Hiroshima and Nagasaki – Hiroshima was the first city to have a nuclear bomb dropped on it and Nagasaki was the second. Both cities are in Japan
We all remember Hiroshima but we should also remember there was a second bomb dropped at Nagasaki.
"Come here and help wash with ma," (Hiroshima) said the girl.
"Stop nagging. I just want to drink my saki," (Nagasaki) said her Dad.
On August 6 1945, an American B-29 bomber, called Enola Gay, dropped the first deployed atomic bomb, called Little Boy, on the Japanese city of Hiroshima.
The bomb destroyed 90 per cent of the city, instantly killing an estimated 80,000 people.
A second atomic bomb, Fat Man, was dropped by the Americans on another Japanese city, Nagasaki, just three days later, instantly killing an estimated 40,000 people.
Tens of thousands of people died later, in both cities, from the effects of the bombs.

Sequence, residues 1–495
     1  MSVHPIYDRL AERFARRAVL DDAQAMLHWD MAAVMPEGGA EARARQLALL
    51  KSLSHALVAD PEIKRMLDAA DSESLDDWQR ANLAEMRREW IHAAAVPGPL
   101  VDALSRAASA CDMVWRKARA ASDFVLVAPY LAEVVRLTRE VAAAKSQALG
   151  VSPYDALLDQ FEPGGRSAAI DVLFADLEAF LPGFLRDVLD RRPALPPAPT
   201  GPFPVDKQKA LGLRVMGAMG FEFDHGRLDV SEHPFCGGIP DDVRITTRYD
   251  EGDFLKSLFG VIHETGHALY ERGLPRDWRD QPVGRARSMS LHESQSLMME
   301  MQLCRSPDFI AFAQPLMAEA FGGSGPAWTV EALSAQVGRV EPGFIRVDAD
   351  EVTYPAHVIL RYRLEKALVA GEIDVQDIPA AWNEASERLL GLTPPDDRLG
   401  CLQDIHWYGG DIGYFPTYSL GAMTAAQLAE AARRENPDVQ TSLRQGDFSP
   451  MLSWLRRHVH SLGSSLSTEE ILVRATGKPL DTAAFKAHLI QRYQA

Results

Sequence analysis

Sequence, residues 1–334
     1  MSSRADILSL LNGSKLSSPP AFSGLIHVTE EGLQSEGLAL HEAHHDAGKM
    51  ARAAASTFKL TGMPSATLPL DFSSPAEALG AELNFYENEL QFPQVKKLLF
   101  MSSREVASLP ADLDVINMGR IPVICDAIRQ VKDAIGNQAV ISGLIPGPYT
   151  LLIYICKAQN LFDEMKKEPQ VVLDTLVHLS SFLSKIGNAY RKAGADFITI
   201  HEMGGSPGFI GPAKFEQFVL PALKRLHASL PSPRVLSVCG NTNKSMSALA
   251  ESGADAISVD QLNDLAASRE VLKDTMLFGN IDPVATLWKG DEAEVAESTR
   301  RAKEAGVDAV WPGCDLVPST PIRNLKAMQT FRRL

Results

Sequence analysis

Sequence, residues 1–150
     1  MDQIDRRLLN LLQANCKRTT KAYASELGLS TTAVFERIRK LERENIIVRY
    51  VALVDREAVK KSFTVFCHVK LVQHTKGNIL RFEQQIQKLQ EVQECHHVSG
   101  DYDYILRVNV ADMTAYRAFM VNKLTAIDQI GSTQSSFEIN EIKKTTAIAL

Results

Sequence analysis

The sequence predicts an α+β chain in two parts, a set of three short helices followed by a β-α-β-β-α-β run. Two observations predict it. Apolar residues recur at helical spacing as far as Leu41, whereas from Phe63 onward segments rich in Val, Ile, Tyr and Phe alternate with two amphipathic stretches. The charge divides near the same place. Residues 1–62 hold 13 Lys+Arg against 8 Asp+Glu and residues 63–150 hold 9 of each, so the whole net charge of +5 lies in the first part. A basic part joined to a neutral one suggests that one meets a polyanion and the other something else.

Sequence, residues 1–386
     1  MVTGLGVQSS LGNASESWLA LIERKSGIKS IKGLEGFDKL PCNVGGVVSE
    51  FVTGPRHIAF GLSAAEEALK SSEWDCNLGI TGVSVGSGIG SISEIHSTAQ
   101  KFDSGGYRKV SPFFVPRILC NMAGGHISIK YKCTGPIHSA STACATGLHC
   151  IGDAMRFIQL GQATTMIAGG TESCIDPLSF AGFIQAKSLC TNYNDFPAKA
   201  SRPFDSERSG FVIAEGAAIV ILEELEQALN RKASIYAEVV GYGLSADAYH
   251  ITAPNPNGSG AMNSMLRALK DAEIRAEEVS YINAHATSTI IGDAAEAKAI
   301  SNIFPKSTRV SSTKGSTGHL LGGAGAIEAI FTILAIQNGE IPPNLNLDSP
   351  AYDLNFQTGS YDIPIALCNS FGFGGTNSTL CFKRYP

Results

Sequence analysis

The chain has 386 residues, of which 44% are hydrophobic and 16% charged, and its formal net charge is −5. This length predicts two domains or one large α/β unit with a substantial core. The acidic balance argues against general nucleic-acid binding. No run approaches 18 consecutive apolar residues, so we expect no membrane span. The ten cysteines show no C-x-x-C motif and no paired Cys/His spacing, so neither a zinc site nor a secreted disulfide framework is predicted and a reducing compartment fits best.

Such destructive power had never been seen before.
World War II ended a few days later. Emperor Hirohito of Japan announced the country's unconditional surrender on August 15, 1945.
The ability of the Americans to deploy the bombs was the result of the Manhattan Project. The US Army Corps of Engineers had spearheaded the construction of the huge facilities needed for the top-secret project. It started in 1940 and over the next few years scientists worked on production of the key materials required.
These materials – chiefly uranium and plutonium – were sent to the state of New Mexico where a team led by Robert Oppenheimer turned them into workable atomic bombs.
The Manhattan Project held its first successful test of an atomic device early on the morning of July 16 1945 at the Trinity test site at Alamogordo, New Mexico.
The Japanese rejected the Allies' demand for surrender put forward in the Potsdam Declaration of July 1945, even though the Allies had threatened "prompt and utter destruction" if they refused.
Interesting fact: The B-29 bomber that dropped the Hiroshima bomb was named Enola Gay after Enola Gay Tibbets, the mother of the plane's pilot, Colonel Paul Tibbets.